Unless you read my main blog, Afeatheradrift, you are unaware that we lost one of our pets earlier in the week.
Brandy, or beloved “girlie” died unexpectedly on Wednesday. We found her unable to get up, in her favorite outdoor spot that morning, and she died around noon. She did not appear to be suffering at all, she was just too weak to rise.
Her death has been harder on both my husband and I than we had ever thought possible. We had talked of this inevitability a number of times this last year as she approached 12. Our other dog is near 14. Both were/are large dogs, so anything much over the age of ten is a gift.
I’ve spent plenty of time in the morbidity of “not being with her in her last moments”; she probably died about fifteen minutes or so before and both Parker and I had sat with her within the hour, petting her and speaking of our love for her. I’ve also found myself in tears thinking of her alone in the dark grave on the top of the hill where we buried her that afternoon.
What am I to conclude?
As believers, all Christians believe in some sort of afterlife I think. It goes from the rather (in my opinion) childish thought that we all wander around in a park wearing white clothes and smiling a lot to a more ethereal existence as “spirit” among Spirit. We take comfort in the belief that life doesn’t end with the physical death of the body, but endures in our Creator. How that happens and what the future holds, we speculate upon endlessly, but have no real knowledge.
What of our pets? Indeed what of all the other sentient or semi-sentient creatures that we share this planet with? What of any bit of life, however primitive?
Is there some dividing line? Can there be? Should there be? I take no stock in feel good preachers who assure us that our pets await us in heaven. For some, a huge menagerie would await them.
But yet, I struggle to deal with the pain of there being no bit of my Brandy still existing. I tear up at the thought that she is no more in any manner. I need to think of her safe and at peace, wagging her indomitable tail as she flies across a meadow chasing rabbits and butterflies with the same joyous heart she exhibited every moment of her life on earth.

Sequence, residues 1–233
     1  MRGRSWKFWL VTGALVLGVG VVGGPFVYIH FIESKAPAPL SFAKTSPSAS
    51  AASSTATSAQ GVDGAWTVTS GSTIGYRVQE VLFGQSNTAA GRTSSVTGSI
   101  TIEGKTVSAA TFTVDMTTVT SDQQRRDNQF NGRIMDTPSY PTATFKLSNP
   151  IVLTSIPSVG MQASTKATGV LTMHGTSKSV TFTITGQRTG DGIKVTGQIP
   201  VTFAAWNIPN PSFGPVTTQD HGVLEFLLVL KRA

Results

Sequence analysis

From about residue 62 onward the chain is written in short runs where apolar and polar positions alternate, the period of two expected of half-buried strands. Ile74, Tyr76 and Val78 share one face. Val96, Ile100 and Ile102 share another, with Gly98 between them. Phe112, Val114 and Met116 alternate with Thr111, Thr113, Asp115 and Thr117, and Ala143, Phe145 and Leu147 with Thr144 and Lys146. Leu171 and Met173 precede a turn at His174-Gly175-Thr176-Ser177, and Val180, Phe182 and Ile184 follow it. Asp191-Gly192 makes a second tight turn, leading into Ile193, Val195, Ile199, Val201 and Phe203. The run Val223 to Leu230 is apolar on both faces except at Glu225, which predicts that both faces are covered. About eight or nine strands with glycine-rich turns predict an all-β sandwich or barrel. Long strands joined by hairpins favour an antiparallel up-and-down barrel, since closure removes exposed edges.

It seems to me that there is no sense in some arbitrary line of demarcation. You can conceive of your Creator, and thus you have eternal existence; you on the other hand have not that capacity and therefore do not. But what of all those characteristics of unconditional love, loyalty, patience, and the ever wished for ability to live totally in the moment? Don’t these count for something? Don’t they in some way equal or near equal this tipping point of what it means to be a soulful creature?
If there is anything that I demand in my God it is that God be understandable and therefore rational. If God is not that, then He is beyond my comprehension and in some manner not worth my efforts of faith. I have always been able to reconcile the world as I see it, and God.
I have approached every seeming contradiction with an open heart and mind. I have not assumed a reconciliation is given. I have always known that honest critical thought required that one option must always be that God is not real. But so far, I have always, by reason arrived at what to mean seem rational means to explain reality with God as the Creator.
I sense that I will find a satisfying and comforting answer in all this. So far, it is still too confusing, the pain too fresh, the loss too sudden and violent to my senses. Yet I pray each day and night, and frankly several times each day, that whatever exists of my beautiful dear Brandy is safe with my God, protected and with an understanding of her place in creation. I trust that she hears me in some way. I trust that she knows that we will never forget her.
She, more than most humans, represented what Jesus would have us learn about love and trust. She did her job well. She has gone to her reward. I trust that this is so. I trust that I can believe this fully and find my peace with the empty place in my heart.